To the more privileged members of society, today's smokers may be nearly invisible. Indeed, many affluent, educated US persons may believe the problem of smoking has been largely "solved." They do not smoke. Their friends and colleagues do not smoke. There is no smoking in their workplaces, nor in the restaurants and bars they frequent. Yet 1 of every 7 US adults remains a smoker today.

Smoking will claim the lives of 480 000 of our fellow citizens this year alone.

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  1. Only where people vaping and smoking crosses on non-vaping and smoking person’s rights is there any legitimacy in regulation.

    1. I smoked 4 packs a day for 28 years. Vaping saved me. I’ll be damned if I let the merely good be the enemy of the perfect.

      Yes nicotine is highly addictive. Alone, however, the damage it causes is on par with caffeine. I can live with that.

      I don’t buy the whole sweet targets children argument. Have you looked around? Do you mean to tell me many it not most adults don’t have a huge sweet tooth? It’s so absurd as to be laughable.

      These days I let everyone assume I have medical MJ and they leave me alone.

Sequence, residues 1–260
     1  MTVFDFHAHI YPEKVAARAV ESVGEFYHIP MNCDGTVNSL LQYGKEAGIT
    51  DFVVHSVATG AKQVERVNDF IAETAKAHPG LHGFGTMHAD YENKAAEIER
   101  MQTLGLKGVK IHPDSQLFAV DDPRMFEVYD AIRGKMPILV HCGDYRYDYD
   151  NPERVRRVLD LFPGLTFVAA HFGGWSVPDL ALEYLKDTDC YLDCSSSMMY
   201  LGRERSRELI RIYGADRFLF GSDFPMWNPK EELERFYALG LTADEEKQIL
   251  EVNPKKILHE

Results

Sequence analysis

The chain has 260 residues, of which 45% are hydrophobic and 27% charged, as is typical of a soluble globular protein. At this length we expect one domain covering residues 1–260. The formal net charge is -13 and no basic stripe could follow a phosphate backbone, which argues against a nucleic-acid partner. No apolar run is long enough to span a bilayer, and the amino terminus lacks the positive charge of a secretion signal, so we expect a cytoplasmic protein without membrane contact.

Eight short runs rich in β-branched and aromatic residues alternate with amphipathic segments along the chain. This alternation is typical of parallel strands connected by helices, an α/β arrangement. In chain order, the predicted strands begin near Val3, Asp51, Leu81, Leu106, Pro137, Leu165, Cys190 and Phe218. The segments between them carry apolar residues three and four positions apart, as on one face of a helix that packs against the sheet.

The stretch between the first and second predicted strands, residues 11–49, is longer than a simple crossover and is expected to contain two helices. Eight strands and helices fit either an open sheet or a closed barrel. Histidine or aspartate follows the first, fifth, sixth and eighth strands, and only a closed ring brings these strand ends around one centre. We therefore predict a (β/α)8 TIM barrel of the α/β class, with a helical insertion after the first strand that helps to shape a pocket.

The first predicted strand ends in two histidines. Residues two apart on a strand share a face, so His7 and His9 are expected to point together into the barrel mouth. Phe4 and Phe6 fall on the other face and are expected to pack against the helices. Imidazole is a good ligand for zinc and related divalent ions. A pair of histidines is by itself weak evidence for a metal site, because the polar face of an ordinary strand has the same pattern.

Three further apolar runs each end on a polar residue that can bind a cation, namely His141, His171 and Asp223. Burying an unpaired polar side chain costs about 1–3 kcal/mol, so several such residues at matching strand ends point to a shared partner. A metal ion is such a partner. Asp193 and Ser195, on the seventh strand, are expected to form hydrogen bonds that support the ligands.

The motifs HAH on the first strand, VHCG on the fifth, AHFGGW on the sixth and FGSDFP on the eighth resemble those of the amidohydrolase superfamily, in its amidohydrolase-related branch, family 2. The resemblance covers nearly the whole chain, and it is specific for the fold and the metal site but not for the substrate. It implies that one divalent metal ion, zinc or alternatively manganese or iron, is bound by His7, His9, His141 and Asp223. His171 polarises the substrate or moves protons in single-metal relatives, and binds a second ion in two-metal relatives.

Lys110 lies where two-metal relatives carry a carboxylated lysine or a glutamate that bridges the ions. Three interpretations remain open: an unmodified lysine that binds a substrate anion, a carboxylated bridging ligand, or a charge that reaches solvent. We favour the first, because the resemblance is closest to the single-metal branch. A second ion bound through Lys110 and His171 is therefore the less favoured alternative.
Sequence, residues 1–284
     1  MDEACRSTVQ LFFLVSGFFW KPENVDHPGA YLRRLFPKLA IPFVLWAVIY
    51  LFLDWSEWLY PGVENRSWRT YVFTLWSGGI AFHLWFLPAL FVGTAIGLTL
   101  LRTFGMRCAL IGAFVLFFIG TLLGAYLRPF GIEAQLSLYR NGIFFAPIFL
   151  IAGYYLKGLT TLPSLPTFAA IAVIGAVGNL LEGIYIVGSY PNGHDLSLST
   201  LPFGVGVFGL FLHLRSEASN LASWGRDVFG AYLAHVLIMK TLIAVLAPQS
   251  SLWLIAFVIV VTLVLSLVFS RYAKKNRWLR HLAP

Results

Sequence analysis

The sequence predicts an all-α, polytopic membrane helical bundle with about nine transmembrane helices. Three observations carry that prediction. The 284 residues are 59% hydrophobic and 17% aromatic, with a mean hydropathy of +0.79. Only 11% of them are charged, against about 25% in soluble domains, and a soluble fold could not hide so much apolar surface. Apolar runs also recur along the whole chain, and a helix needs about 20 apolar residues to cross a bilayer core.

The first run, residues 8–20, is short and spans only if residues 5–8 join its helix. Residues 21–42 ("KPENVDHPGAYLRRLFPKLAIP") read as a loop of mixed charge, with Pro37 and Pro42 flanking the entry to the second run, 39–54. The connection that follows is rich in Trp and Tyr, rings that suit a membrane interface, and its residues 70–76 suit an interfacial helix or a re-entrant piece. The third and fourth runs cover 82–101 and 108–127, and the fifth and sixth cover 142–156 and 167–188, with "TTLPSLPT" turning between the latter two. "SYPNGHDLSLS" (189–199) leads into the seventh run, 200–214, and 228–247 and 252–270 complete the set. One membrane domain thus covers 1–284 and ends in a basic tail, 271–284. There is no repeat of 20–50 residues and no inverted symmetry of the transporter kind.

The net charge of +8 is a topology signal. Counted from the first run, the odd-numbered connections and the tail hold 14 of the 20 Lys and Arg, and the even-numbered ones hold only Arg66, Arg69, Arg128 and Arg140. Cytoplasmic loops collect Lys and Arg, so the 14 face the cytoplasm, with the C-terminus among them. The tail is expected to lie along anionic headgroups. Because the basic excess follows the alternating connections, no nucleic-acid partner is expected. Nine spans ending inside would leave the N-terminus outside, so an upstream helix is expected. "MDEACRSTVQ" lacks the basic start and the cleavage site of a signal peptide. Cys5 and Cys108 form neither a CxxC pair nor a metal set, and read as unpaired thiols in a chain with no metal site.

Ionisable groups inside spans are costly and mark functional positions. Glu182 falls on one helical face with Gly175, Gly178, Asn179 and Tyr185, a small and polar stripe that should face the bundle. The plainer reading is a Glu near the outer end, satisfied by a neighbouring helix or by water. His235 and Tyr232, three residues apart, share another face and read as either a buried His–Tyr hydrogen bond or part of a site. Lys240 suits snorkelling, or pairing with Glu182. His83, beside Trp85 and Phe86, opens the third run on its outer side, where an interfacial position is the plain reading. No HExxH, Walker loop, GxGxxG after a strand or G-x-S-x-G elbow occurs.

2. Apparently you haven’t gotten the message that the mere existence of vapers (and smokers) infringes on the rights of those who do not vape or smoke. You could extend that to people who use any product deemed uneccessary for survival (alcohol, chocolate, even cars). When you have a collectivist worldview, anything that takes away resources from solving social injustices, infringes on the rights of the poor and marginalized. In other words, I should be donating the money I spend on beer and tobacco to the poor instead of for my own enjoyment .

    3. Current smokers can quit. It happens all the time. Policy which puts that burden on current smokers is far wiser than policy which reopens the door for addiction-based business models to recruit and create new addicts, and thus continue indefinitely.

      1. Current smokers can quit. It happens all the time. Policy which puts that burden on current smokers is far wiser …

        Statistically current smokers can’t quit, and it [quitting] happens rarely. The establishment’s consensus is smokers are deplorable who should suffer the effects and die early, as you so enthusiastically demonstrate.